There’s no doubt about it—the SXSW Interactive festival each year is filled with spectacle. From virtual reality roller coasters to mobile nap beds and late night “networking events,” there’s plenty to do and see…but there’s also a whole lot to learn.
It’s a too-rare privilege to get to spend your days just listening to and learning from experts across the fields of tech, marketing, branding, social, non-profit and advertising. Sometimes you walk away with insights into future trends, sometimes you get practical advice and sometimes it’s just a new perspective on an old issue.
Derrick Feldmann from Achieve had a great new way of framing how you look at, recruit and speak to the follower base of a nonprofit that really had me rethinking our practices at the Ad Council and how we could optimize our audiences. Here are my three favorite tips from his panel:
1. Be a tool, not the answer
My favorite piece of advice for nonprofits? Get out of the way. If you find people who are passionate about your cause, you should help them have impact, not the other way around. The best organizations are those that present their work as a template…something that followers can use in their own quest to help others.
This distinction is an important one and comes into play as we describe our ask and our results. Stop talking about what your organization has achieved and start talking about what your fans have done. Let them be the heroes.
Your messaging should go from, “Will you help us?” to “You are imperative to achieve this.” “Our” impact becomes “Your” impact.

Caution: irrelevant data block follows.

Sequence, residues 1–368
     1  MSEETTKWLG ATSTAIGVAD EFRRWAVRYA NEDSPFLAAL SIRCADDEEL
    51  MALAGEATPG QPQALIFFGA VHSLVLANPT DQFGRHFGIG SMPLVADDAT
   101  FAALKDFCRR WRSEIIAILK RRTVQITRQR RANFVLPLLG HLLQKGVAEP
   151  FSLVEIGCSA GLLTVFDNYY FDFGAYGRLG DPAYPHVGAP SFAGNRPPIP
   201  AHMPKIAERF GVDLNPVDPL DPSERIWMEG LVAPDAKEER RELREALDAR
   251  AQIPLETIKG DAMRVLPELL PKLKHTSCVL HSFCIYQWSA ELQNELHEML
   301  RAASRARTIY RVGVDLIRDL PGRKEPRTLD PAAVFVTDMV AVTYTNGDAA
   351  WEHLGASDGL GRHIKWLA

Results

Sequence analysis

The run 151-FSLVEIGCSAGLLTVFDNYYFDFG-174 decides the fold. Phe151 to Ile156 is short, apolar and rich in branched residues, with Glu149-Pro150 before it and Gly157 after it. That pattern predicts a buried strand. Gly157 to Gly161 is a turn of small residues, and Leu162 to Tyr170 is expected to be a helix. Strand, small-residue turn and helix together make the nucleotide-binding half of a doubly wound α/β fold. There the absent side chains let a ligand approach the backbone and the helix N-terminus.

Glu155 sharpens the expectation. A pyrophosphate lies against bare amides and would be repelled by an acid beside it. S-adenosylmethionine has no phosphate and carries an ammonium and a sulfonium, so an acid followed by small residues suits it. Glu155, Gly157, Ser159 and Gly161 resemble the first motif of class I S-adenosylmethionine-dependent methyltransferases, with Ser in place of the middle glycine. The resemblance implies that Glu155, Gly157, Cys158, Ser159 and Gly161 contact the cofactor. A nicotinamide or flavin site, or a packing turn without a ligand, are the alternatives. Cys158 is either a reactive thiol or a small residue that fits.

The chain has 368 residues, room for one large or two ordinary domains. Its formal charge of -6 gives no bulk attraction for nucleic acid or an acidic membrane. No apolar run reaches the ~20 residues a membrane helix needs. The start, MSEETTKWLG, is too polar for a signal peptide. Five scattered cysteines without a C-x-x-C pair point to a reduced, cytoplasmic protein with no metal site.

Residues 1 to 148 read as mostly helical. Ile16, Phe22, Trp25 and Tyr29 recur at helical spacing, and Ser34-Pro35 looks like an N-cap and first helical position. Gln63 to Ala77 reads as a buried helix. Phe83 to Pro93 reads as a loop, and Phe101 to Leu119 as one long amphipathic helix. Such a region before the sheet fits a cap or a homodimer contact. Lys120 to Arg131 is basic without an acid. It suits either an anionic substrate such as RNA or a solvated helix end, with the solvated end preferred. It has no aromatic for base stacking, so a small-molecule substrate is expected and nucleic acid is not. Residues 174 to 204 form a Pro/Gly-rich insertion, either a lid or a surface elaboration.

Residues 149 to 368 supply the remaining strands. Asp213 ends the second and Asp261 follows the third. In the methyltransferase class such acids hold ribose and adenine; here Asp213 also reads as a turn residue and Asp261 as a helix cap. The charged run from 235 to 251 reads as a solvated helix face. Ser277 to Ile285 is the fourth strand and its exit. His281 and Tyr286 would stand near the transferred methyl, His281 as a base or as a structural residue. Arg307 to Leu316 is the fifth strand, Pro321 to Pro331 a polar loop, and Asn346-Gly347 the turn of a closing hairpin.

2. Recruit belongers, believers, and owners
Of course, the role that people want and are able to play in your cause really varies. Feldman took a deeper dive into three different types of followers.
- Belongers—The base level of your fans, belongers are also the most common. These are the folks who are interested in a variety of social issues and will take a step if you ask them, but only for the momentary gratification. They’re important because they’ll help you spread the issue, but tend to be temporary compliers.
- Believers—These are your core folks because they’re passionate about your issue, and usually enough so that they’ll go out and bring in others with them. They won’t just give, they’ll fundraise. They won’t just attend an event, they’ll throw one. And, importantly, they’ll stick around.
- Owners—You know your messaging is working when you uncover this group of fans who not only embrace your message, but reinterpret it, edit it, and make it their own. If they don’t want to use your hashtag? Don’t make them. Just celebrate what they’re doing to make a difference. Do: lose control. Don’t: force brand guidelines, your messaging, or your KPIs. Let them take your issue to where it needs to go.
3. Ignore technology
The final point really pertains to anyone trying something new—and that’s to start offline first. A hashtag is fun and flashy, but it’s temporal, and using it isn’t actually creating impact. The first thing you need is to recruit your believers, that key audience from above, and make the issue tangible and tactile for them.
Once that base is strong, then you can go wider online. But still it’s important to always focus your ask on an offline goal. Don’t congratulate your followers to helping you get to 100k subscribers on YouTube, congratulate your 100k subscribers for having had a specific amount of impact, like helping hundreds of shelter pets find homes or raising awareness about type 2 diabetes.
Of course, Feldman wasn’t down on all things online. In fact, he defended the notion of slacktivism, saying, “The more we get people to act on an issue, the more we build their belief in the issue. We just have to understand the value of the tweet- it’s not huge but it’s real.” In short, you let people feel good—and they’ll do good.